In a time before Disney and Nickelodeon, Jack Metzger was the star. He was a host of children’s programs on local TV, when every market in the country produced its own.
He was best known as Mr. Jackson on two shows on Miami’s Channel 10: The Learning Ladder and Arthur and Company. Legions of local kids grew up with him, the puppets and the characters.
Metzger, who wrote for and performed on those shows for 20 years, died Jan.5 at Baptist Hospital in Kendall. He was 81 and had cancer and heart disease.
In addition to his role as Mr. Jackson, Metzger starred as Captain Jack on the children’s show Banjo Billy’s Fun Boat from 1961 to 1969.
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Metzger gained numerous accolades during his career, including induction into the South Florida Chapter of the National Academy of Television Arts and Sciences’ Silver Circle in 1994. The award honors individuals who devoted 25 years or more to the television industry, with a significant portion of their careers spent in South Florida.
After leaving TV, he continued acting on the stage and was director of creative services for the Miami-Dade County Fair until retiring in 1997.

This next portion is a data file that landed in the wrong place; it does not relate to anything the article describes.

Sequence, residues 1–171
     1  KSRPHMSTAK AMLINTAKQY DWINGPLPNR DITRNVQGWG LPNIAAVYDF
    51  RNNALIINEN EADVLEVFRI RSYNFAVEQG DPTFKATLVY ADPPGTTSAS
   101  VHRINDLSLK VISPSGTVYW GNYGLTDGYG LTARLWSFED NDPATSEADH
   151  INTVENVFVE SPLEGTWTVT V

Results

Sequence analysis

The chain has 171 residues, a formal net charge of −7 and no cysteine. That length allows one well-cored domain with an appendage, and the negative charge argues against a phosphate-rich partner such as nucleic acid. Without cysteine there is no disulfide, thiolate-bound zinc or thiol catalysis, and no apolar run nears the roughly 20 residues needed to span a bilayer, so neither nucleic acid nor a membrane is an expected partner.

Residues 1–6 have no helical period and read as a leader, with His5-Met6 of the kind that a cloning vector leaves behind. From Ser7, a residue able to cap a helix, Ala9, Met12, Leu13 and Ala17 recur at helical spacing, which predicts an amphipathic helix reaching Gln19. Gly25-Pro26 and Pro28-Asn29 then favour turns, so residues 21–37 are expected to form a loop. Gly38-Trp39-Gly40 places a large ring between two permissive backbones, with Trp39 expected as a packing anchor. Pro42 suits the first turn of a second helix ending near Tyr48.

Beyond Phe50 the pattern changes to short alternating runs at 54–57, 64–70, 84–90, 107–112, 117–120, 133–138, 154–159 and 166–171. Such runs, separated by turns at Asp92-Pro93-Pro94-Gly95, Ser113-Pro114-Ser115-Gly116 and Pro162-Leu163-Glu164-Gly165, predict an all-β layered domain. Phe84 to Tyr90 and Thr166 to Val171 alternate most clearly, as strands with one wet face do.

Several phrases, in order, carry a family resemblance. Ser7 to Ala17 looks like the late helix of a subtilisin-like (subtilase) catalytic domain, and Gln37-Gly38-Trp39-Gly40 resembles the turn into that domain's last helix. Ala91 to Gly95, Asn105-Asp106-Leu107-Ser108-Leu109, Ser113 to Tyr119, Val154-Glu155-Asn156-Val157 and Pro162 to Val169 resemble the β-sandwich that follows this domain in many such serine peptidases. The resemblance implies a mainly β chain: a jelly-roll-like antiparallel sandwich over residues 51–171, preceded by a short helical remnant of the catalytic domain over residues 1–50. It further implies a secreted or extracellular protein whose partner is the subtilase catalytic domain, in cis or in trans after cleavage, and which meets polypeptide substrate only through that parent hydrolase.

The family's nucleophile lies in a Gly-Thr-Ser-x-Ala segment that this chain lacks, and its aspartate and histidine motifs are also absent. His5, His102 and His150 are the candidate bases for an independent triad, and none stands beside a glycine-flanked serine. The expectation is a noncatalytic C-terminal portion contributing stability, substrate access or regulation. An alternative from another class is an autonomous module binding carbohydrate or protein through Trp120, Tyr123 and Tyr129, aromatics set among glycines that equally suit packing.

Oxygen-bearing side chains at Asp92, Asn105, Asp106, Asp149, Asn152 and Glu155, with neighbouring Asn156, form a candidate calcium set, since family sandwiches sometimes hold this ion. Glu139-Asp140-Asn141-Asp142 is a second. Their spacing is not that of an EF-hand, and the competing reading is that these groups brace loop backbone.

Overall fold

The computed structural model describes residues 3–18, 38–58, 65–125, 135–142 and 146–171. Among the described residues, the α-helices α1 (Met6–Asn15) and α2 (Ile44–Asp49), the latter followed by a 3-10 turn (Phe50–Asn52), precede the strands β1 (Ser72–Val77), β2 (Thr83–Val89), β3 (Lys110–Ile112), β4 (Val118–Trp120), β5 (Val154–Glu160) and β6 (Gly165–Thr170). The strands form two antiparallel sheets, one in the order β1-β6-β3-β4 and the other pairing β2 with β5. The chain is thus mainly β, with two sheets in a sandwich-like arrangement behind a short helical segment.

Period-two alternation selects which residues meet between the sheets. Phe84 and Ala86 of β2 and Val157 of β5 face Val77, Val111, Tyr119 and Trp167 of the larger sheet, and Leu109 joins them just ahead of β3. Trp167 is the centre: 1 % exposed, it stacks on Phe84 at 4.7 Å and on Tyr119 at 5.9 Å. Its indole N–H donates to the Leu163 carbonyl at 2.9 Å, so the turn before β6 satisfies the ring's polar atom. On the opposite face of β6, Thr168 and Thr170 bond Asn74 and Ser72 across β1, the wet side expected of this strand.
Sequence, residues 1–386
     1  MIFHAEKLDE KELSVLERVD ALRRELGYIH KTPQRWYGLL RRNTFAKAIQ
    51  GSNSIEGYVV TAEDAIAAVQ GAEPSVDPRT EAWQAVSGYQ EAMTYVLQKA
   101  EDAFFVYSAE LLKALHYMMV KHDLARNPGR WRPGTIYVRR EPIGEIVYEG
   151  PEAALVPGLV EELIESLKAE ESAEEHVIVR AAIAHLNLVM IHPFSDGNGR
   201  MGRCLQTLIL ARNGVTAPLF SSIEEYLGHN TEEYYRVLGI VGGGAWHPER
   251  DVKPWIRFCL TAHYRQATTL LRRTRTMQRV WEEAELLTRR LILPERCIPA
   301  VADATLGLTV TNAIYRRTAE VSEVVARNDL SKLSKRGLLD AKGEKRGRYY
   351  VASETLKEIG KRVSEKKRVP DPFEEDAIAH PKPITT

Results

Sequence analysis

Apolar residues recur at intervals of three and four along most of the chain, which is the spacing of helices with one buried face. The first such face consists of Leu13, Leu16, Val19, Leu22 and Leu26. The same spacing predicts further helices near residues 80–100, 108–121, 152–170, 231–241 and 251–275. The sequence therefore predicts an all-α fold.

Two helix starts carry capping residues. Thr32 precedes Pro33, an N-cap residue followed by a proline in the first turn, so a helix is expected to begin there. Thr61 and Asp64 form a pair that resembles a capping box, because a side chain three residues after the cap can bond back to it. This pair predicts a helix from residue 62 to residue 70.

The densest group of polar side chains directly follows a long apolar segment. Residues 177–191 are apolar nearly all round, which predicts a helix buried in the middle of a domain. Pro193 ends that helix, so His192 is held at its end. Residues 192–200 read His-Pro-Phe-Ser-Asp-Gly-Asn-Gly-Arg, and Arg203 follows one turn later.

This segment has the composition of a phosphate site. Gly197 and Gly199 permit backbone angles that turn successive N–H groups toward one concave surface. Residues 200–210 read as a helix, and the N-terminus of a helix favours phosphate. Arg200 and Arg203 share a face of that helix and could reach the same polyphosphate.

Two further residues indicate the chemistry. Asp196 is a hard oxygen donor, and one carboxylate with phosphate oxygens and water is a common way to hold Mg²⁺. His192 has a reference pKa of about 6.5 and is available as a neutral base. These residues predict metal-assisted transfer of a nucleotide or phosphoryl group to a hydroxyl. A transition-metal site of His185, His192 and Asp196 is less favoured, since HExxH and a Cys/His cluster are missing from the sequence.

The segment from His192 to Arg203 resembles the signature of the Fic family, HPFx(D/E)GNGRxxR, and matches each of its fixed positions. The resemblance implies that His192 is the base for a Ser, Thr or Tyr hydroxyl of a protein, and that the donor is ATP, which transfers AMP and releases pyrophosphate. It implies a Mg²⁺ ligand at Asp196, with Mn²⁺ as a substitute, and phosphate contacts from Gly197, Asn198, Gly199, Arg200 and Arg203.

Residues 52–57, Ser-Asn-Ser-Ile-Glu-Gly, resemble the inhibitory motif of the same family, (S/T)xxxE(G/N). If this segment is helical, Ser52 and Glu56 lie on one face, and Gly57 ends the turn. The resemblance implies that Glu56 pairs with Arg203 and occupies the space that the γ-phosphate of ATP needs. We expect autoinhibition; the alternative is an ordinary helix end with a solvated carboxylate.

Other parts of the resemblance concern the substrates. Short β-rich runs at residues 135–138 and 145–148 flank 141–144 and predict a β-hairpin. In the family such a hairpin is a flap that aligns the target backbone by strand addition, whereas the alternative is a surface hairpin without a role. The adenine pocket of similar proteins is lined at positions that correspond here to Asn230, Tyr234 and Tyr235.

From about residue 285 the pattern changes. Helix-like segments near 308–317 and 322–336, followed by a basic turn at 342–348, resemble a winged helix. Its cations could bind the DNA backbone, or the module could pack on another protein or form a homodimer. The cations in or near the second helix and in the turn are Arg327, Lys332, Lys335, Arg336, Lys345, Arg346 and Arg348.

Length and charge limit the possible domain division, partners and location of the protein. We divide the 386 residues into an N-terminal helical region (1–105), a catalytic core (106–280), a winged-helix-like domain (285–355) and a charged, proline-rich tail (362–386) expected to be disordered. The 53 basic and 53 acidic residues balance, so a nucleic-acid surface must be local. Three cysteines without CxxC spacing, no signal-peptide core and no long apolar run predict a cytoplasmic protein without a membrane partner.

Besides his artistic accomplishments, friends say Metzger was known for his “legendary” dry sense of humor.
Loretta Barone, who remained friends with Metzger for 55 years after he was her professor at the University of Miami, said Metzger frequently entertained friends with stories of classic Hollywood stars and film studios. He loved animals and had many pets during his lifetime, including an opossum, a kinkajou, cats. He even had guinea pigs that he named after celebrities: Tyrone Power, Nelson Eddy and Jeanette MacDonald.
Metzger was born in Pittsburgh and moved to Miami in 1951. He graduated from the University of Miami’s Radio Television and Film Department and was on the faculty for 14 years, when he also performed on the children’s programs.
On the shows, Metzger performed as a puppeteer, and he had a particular talent for using many different voices, said Dave Herbert, who played “Banjo Billy” on Banjo Billy’s Funboat.
“He was easy to work with, that’s for sure … a very talented guy and a good actor,” said Herbert, who now lives in Melbourne on Florida’s Space Coast. “I felt we were a pretty good team. We worked very well together and complemented each other.”
Metzger is survived by his older sister, Ruth Metzger.
No services are planned. Metzger’s cremated remains are being taken to a family plot in Mount Lebanon, Pa., where his mother is buried.
Because of his love for animals, Metzger’s friends request that any donations be made to the Zoological Society of Florida.